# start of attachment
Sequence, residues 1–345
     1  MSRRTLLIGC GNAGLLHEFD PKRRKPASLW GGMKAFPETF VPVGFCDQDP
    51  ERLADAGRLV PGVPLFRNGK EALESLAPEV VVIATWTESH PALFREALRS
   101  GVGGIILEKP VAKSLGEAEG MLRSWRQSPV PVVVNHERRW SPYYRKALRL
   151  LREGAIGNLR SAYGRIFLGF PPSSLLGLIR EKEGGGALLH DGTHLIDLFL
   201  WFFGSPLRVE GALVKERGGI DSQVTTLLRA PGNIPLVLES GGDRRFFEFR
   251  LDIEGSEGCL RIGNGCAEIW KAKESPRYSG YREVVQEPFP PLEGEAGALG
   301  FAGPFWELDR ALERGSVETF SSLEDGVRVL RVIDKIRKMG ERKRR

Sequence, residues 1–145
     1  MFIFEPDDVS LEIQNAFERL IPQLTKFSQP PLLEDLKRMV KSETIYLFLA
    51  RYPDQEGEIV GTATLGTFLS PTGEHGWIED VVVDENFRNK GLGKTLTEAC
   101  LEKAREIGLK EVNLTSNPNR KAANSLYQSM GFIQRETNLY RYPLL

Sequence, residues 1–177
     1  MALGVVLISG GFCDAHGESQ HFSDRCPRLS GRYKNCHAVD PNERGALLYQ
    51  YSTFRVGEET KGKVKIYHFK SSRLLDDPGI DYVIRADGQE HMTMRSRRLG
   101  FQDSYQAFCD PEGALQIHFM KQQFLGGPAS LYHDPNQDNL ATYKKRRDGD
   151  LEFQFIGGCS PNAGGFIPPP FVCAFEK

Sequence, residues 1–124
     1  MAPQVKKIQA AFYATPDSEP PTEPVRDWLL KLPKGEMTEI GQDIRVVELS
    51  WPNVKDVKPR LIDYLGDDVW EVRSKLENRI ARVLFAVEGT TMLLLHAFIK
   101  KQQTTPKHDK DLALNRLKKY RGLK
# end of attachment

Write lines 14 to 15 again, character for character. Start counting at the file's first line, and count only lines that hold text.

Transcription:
     1  MALGVVLISG GFCDAHGESQ HFSDRCPRLS GRYKNCHAVD PNERGALLYQ
    51  YSTFRVGEET KGKVKIYHFK SSRLLDDPGI DYVIRADGQE HMTMRSRRLG